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Google Tracking Public Movements Using Smartphones During COVID-19

David Paul

,

Google

The company has released data showing mobility trends of citizens in areas such as parks and residential spaces to show movement patterns during the coronavirus lockdown.

Tech giant Google has released a mobility report revealing changes in the movement habits of people during the coronavirus lockdown through smartphone tracking data.

Google would typically collect the data to help customers plan visits to businesses and for businesses to see customer trends, revealing information including popular times, live visit information, waiting times and typical visit duration.

But as work from home, shelter in place, and other policies aimed at flattening the curve of the pandemic remain in place, the data reveals a huge changes in public movement.

Between early March until the end of the month, areas where you would find retail outlets and recreation have dropped by 85% across the UK, while data on movement in parks shows a drop of 52%.

British train stations have seen a 75% drop, while mobility trends for residential areas have increased by 15% over the same period.

The data also shows movements trends for individual parts of the UK, with data from Edinburgh showing an 86% drop in movement in retail and recreation areas, and a 18% increase in movement in residential areas.

Commenting on the data, Jen Fitzpatrick SVP, Geo at Google, commented: “The reports use aggregated, anonymised data to chart movement trends over time by geography, across different high-level categories of places such as retail and recreation, groceries and pharmacies, parks, transit stations, workplaces, and residential.

“We’ll show trends over several weeks, with the most recent information representing 48-to-72 hours prior. While we display a percentage point increase or decrease in visits, we do not share the absolute number of visits.”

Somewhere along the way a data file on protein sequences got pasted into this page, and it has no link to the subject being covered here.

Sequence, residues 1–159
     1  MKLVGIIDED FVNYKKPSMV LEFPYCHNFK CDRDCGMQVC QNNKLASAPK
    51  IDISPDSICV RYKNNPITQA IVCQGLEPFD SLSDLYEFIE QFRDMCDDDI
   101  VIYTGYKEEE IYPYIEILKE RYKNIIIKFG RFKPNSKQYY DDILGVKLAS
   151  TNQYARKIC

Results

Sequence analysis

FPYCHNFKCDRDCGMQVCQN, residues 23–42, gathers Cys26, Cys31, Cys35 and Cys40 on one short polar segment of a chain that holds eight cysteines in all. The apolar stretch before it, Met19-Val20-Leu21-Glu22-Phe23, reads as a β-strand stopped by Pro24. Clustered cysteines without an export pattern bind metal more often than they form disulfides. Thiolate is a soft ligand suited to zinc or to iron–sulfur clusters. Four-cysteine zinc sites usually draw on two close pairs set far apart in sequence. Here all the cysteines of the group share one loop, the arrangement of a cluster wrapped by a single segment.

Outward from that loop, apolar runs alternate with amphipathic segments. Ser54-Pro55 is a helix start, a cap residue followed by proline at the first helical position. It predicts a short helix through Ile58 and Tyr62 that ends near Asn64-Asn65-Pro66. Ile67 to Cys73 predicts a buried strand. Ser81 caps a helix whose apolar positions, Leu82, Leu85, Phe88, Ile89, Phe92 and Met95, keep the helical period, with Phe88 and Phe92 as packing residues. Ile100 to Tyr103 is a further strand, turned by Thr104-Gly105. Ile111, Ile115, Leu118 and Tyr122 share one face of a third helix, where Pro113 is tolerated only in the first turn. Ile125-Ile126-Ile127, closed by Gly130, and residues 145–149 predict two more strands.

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The reports do not just cover the UK; Google is hoping to release similar data worldwide.

“We will release these reports globally, initially covering 131 countries and regions. Given the urgent need for this information, where possible we will also provide insights at the regional level.

“In the coming weeks, we will work to add additional countries and regions to ensure these reports remain helpful to public health officials across the globe looking to protect people from the spread of COVID-19.”

Google hopes that the reports will help public health officials to manage the spread of the virus such as using the information to understand changes in essential trips that can shape recommendations on business hours or inform delivery services.

There been concern surrounding the privacy of location data being used during the spread of COVID-19. 100 organisations recently raised concerns about the use of big data and surveillance technologies to track and monitor populations during the COVID-19 pandemic as it could allow countries to use the information to produce new laws which permanently restrict civil liberties.

Google commented: “To protect people’s privacy, no personally identifiable information, like an individual’s location, contacts or movement, is made available at any point.”

David Paul

Staff Writer, DIGIT

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